Your Brain Is Especially Vulnerable To Trauma In Your Toddler And Teen Years
Life for a two-year-old or a teenager is challenging enough before you learn that at their age, their brains are uniquely vulnerable. Tara Swart, a neuroscientist and senior lecturer at MIT, claims that traumatic experiences during these age periods could permanently alter the brains of toddlers and teens.
Help A Brain Out
What do your "terrible twos" and "turbulent teen" years have in common? They're when your brain's wiring is most malleable. During the first two years of your life, your noggin goes through some major development that ends with a super important milestone: speech. The process of learning and understanding language has your brain working on overdrive, and, as Quartz notes, "physical or emotional trauma" (abuse, neglect, etc.) during this taxing period "can cause potentially momentous interruptions to neurological development." Even if you don't remember it.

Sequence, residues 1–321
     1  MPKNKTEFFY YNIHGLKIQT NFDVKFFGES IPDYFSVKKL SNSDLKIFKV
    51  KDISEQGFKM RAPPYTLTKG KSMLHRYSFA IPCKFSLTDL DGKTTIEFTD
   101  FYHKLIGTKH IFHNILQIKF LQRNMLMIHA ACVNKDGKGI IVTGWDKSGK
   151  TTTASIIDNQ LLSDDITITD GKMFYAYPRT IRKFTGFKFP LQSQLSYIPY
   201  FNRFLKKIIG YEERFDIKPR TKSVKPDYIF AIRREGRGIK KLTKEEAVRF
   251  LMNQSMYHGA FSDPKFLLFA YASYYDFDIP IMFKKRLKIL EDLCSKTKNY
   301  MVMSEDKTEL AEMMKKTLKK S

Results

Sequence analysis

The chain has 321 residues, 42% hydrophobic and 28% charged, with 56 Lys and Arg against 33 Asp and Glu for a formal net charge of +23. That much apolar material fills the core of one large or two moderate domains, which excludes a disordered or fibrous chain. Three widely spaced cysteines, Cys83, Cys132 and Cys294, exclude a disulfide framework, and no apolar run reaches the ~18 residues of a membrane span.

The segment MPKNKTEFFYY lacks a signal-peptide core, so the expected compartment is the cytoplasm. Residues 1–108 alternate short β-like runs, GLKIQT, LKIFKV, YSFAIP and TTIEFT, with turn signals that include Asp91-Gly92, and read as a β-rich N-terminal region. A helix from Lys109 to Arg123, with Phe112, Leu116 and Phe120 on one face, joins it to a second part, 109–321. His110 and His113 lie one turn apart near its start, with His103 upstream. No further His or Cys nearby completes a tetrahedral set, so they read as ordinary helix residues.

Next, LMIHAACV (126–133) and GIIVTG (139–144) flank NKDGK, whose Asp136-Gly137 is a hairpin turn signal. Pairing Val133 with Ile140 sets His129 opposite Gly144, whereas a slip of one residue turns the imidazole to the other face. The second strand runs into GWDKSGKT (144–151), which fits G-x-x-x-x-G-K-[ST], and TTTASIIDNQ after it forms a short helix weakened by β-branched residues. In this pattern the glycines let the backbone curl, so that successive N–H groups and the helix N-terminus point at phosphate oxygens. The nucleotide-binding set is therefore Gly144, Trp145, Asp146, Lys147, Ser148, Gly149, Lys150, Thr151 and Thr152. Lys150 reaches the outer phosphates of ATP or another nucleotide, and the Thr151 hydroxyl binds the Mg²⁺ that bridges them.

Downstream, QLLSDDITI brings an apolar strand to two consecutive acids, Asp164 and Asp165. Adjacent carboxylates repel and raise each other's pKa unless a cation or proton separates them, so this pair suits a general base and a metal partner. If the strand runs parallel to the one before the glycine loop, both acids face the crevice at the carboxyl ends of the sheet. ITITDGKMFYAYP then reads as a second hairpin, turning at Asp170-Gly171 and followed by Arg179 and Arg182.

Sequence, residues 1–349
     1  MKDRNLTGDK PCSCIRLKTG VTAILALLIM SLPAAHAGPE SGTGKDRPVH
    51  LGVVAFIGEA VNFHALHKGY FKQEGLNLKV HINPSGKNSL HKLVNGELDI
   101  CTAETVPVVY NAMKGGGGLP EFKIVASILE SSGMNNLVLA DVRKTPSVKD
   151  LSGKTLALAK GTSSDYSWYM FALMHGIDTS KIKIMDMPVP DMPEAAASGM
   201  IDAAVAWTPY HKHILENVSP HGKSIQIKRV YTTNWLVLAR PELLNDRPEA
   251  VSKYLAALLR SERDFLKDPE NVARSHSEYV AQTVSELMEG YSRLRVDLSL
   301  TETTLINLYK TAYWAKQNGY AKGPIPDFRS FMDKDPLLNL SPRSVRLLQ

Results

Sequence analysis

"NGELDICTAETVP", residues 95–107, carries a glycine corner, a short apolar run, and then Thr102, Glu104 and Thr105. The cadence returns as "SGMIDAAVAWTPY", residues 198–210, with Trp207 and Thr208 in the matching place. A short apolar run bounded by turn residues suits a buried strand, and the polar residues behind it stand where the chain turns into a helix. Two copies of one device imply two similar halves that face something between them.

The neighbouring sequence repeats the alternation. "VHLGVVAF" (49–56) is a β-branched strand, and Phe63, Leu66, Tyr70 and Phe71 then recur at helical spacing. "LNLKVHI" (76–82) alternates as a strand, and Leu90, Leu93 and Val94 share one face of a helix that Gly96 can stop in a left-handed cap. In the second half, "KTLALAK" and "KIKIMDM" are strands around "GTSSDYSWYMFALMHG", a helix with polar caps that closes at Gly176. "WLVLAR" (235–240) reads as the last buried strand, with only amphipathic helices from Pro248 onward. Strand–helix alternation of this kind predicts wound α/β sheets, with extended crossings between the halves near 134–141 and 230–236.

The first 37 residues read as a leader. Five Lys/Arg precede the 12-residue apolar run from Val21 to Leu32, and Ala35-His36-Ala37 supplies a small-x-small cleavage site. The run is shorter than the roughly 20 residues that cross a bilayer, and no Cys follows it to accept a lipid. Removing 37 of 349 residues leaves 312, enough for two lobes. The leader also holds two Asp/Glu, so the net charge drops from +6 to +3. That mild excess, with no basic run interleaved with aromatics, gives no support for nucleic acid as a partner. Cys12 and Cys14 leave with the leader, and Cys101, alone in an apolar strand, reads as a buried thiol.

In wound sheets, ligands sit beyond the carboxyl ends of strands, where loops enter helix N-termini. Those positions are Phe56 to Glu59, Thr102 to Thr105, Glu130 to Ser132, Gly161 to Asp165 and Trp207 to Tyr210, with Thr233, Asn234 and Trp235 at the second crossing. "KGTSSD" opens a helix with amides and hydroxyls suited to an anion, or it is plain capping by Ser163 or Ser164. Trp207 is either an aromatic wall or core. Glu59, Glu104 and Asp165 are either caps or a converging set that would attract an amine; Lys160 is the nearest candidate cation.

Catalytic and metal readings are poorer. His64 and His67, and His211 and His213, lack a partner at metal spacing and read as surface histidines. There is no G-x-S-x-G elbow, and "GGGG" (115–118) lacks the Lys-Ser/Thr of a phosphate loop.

By the time you hit your teen years, your brain has started its "pruning" process—that is, it begins to toss out unused connections. That means your brain's frontal lobes are particularly active, and for the first time, you're capable of high-level thought and the analysis of several complex concepts at once. What does this mean? Swart tells Quartz that this is when you start to understand more complicated topics, such as social relationships and politics.
Stability Is Key
Here's why this matters: brain function and overall human development thrive on stability. Experiences that throw a kid's life into chaos, such as divorce, a cross-country move, or emotional trauma, could have bigger effects during these precious years. Even if a toddler is too young to remember something or a teen is already "angsty," having a stable environment has been scientifically proven to set them up for success.
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